The MidAm offers smaller products, known as odd-lot or mini-contracts, to speculators who lack the capital or spirit to buy or sell a CBOT U.S. Treasury contract, for example.
CBOT will shut door on MidAm
James P. Miller, Tribune staff reporter CHICAGO TRIBUNE
The MidAmerica Commodities Exchange--a small-scale Chicago futures mart that long served as a training ground for novice traders hoping to move up to the city's bigger exchanges--is being shut down amid dwindling volume.
The move reflects a worldwide trend toward electronic markets displacing the shouting and arm-waving of traditional open-outcry trading pits.
The Chicago Board of Trade, which has owned the 133-year-old MidAm since 1986, said Wednesday that it intends to "decommission" the tiny exchange within about a year.
The CBOT, which is transforming itself into a for-profit corporation from a member-owned governance structure, attributed the shutdown to economic forces. "The Board of Trade membership has been subsidizing the MidAm Exchange to the tune of several hundred thousand dollars a year," said CBOT spokesman Dave Prosperi. Exchange officials concluded "we needed a change," he said.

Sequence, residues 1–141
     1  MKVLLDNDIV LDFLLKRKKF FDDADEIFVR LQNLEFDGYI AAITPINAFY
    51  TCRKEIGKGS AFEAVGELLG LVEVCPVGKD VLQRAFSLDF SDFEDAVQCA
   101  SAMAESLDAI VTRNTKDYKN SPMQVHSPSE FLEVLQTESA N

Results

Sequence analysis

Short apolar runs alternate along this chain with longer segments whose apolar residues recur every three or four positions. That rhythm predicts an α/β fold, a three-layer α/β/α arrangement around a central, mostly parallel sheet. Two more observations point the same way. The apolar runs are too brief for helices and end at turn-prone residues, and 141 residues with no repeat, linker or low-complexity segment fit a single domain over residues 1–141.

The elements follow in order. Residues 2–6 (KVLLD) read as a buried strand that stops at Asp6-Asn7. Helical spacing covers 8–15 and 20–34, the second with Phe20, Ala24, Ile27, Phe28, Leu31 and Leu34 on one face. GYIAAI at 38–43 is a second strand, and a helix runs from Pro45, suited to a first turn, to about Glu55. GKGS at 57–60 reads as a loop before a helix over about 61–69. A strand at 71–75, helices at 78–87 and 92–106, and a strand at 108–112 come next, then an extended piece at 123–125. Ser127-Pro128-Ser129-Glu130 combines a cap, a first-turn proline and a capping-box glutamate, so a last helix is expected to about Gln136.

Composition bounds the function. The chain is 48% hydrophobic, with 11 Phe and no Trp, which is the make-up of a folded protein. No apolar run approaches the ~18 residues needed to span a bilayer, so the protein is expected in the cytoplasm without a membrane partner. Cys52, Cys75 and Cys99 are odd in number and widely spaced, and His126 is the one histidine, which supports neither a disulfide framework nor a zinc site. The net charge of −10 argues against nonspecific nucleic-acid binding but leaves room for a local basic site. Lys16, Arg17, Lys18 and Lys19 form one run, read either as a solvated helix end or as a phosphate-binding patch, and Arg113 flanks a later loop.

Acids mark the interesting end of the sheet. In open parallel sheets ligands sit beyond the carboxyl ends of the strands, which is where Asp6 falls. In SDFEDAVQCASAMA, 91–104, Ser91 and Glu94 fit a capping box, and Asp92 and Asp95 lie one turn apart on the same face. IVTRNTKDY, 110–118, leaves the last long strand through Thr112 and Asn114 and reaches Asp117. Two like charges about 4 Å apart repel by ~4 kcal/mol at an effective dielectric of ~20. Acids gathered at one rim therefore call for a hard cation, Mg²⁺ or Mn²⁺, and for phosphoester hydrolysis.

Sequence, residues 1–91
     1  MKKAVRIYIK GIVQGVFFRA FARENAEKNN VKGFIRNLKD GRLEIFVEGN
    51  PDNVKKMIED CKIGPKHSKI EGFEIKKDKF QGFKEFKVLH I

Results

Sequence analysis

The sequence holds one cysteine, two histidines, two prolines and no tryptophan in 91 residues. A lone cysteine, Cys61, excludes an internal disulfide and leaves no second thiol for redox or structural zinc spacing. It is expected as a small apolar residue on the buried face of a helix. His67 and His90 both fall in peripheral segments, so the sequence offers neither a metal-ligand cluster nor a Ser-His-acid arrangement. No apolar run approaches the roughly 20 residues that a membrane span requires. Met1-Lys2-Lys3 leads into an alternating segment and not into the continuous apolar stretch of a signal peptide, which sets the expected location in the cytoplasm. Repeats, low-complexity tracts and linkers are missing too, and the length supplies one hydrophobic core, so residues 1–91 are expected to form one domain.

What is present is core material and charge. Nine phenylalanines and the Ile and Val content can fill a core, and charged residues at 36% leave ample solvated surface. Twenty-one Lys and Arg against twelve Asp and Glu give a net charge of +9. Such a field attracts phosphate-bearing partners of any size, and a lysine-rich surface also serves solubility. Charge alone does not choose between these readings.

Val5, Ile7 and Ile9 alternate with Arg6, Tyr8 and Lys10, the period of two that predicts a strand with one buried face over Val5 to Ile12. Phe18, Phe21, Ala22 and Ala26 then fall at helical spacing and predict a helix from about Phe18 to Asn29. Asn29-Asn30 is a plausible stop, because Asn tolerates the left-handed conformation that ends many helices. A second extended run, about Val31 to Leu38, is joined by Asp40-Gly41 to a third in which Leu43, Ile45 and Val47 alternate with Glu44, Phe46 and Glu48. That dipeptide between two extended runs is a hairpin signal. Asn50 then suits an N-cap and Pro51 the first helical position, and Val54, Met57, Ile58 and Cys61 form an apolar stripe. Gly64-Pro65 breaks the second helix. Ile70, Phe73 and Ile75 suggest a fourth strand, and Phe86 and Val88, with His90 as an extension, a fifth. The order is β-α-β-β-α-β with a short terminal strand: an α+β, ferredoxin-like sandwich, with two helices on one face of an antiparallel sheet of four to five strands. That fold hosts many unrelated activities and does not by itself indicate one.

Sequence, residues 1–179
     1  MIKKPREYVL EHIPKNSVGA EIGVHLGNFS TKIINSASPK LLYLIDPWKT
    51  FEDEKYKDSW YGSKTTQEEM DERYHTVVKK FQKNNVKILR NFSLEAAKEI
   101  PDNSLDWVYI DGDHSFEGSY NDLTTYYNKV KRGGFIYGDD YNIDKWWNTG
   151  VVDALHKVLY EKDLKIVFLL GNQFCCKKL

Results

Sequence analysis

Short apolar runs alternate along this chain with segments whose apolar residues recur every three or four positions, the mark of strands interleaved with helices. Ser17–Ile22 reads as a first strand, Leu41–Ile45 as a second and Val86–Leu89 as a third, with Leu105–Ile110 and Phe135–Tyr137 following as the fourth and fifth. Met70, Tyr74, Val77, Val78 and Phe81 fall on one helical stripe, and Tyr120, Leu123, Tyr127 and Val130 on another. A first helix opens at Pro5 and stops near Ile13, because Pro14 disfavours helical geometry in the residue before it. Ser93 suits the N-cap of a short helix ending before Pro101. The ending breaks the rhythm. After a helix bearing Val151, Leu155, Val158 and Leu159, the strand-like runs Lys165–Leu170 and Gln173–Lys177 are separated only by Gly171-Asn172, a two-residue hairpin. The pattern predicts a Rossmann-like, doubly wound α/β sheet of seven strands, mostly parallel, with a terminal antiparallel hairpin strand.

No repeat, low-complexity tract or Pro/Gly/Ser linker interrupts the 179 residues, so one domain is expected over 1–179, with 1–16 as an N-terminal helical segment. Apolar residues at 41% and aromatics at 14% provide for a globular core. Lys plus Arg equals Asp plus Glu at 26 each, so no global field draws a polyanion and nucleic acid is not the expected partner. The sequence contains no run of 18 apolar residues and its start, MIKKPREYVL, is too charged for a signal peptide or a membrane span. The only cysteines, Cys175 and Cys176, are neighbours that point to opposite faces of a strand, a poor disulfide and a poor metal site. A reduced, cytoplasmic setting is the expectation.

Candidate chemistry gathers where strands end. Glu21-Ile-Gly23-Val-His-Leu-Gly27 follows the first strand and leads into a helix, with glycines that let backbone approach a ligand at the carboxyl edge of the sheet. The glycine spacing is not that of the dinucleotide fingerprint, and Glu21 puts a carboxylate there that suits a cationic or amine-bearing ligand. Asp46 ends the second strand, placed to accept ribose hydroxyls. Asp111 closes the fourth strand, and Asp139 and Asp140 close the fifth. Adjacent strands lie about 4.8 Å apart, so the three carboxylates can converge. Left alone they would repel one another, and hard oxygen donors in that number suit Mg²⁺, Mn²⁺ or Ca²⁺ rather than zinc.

"Historically, the MidAm's been a training ground and springboard for many of the best-known traders" at Chicago's bigger exchanges, said Jacob Morowitz, president of the USA Trading division of Refco Inc. But for a number of reasons, he noted, over the past decade "the ability to move from MidAm to the Board of Trade has really diminished."